Japanese robot firm makes an aggressive move in China

China will need more than half-a-million industrial robots by 2025. The race is on to see who will supply them.

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Japan's Kawasaki Heavy Industries has announced a dramatic expansion of its robot production line in China.

The company is looking to boost sales of industrial robots in China by 70 percent--a target of about 8,000 units--this fiscal year. The company's China division will install three new assembly lines in coming weeks to produce four varieties of small industrial robots.

The Chinese robotics market has sparked a gold rush for foreign and domestic firms. As part of its Made in China 2025 plan, the country is hoping to install between 600,000 and 650,000 new industrial robots in less than a decade. It's already the world's largest market for industrial robots.

Kawasaki is reportedly rolling out an additional small robot to meet demand in China. But Chinese firms are positioning themselves to meet much of the demand in-country, a scenario the Chinese government is eager to make a reality.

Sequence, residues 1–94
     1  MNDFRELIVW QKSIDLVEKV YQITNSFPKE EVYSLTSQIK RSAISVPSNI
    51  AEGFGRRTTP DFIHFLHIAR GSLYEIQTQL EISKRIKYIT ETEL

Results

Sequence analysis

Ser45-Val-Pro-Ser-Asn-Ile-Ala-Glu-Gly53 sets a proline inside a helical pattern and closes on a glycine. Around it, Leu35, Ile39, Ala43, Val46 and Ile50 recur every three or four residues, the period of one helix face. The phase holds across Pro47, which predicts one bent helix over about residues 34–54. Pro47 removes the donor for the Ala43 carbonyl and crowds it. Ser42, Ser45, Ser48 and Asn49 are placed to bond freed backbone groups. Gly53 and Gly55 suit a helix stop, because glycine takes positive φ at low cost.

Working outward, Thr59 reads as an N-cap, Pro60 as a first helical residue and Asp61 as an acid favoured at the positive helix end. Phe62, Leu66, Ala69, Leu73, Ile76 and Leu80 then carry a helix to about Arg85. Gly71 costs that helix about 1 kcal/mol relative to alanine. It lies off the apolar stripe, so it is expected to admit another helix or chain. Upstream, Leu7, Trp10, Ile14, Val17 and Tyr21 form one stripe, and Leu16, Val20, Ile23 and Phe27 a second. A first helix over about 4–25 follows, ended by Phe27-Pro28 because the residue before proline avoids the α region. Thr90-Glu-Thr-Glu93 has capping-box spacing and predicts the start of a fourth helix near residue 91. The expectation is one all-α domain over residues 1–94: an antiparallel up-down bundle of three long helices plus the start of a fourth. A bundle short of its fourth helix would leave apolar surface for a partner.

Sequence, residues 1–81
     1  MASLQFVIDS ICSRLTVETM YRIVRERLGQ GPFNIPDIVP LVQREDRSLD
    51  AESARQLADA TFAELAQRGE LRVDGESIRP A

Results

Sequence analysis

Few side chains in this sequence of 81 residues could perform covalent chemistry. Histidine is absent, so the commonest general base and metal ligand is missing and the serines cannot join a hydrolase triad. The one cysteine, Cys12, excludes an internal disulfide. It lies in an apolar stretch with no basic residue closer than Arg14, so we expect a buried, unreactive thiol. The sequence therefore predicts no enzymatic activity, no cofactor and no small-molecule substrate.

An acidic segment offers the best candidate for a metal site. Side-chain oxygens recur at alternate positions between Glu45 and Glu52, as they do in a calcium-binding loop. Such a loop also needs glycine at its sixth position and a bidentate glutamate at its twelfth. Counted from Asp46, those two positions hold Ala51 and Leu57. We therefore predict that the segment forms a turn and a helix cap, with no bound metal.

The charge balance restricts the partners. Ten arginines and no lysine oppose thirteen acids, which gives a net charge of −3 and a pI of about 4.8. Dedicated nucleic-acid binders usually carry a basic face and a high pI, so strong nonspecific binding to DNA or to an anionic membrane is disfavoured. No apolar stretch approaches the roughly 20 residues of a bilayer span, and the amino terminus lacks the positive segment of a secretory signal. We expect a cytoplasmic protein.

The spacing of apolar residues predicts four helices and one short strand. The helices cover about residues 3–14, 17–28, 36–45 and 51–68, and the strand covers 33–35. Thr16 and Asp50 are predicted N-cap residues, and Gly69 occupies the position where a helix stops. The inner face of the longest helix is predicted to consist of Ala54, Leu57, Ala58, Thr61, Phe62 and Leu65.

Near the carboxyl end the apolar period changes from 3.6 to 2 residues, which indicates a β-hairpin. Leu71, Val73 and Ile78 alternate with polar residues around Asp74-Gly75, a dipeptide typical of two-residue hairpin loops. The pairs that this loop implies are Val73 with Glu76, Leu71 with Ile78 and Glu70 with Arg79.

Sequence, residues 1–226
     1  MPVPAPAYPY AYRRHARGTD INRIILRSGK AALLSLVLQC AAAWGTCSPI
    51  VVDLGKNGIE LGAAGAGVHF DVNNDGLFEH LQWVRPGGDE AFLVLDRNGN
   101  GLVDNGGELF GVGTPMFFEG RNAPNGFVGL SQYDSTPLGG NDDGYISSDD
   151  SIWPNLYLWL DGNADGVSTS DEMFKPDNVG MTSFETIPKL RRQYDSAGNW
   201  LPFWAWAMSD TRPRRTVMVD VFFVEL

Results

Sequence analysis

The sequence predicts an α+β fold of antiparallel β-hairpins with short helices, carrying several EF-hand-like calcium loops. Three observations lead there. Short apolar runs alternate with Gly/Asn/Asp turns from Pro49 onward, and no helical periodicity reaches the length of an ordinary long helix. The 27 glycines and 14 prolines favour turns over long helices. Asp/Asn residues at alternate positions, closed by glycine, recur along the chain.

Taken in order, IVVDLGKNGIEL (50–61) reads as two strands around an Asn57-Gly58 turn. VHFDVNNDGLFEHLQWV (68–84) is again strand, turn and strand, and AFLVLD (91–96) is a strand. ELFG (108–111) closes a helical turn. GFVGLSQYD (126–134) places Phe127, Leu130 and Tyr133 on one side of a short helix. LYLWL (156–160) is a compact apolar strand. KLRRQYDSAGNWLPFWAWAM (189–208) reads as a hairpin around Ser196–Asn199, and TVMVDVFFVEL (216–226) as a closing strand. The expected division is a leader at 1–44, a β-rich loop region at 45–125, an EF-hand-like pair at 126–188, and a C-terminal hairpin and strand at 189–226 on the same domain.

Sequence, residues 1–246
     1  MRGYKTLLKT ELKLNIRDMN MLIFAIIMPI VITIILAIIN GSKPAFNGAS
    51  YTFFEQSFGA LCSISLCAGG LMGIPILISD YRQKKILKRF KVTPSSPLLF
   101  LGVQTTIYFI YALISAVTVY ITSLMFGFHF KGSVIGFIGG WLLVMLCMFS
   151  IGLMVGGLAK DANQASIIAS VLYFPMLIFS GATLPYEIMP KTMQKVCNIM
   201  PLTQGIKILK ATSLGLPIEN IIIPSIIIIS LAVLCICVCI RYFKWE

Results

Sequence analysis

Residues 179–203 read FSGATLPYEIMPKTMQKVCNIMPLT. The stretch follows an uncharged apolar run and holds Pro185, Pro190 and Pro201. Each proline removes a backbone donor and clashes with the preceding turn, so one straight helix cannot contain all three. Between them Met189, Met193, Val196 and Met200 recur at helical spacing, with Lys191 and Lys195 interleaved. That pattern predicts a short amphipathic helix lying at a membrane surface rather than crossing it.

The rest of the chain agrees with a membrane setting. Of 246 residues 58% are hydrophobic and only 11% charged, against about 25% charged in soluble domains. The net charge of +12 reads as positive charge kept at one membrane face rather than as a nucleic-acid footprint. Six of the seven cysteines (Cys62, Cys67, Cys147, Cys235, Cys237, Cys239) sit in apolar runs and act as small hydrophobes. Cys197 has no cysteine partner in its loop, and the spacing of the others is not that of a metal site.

As I reported earlier this month, in a clear sign of China's global ambitions in the robotics market, Siasun Robot & Automation recently became the first Chinese firm to join the Robotic Industries Association, a North American trade group. China is set to triple its sales of robots by 2018. By 2019, it could account for 40 percent of global sales.

That has Japanese robot manufacturers nervous, and Kawasaki's move suggests that we're on the verge of an aggressive battle for share of the rapidly expanding industrial automation market.

As reported in the Nikkei Asian Review, Kawasaki is hoping to make and sell 12,000 units in China in fiscal 2018, a 50 percent increase over this year's target.

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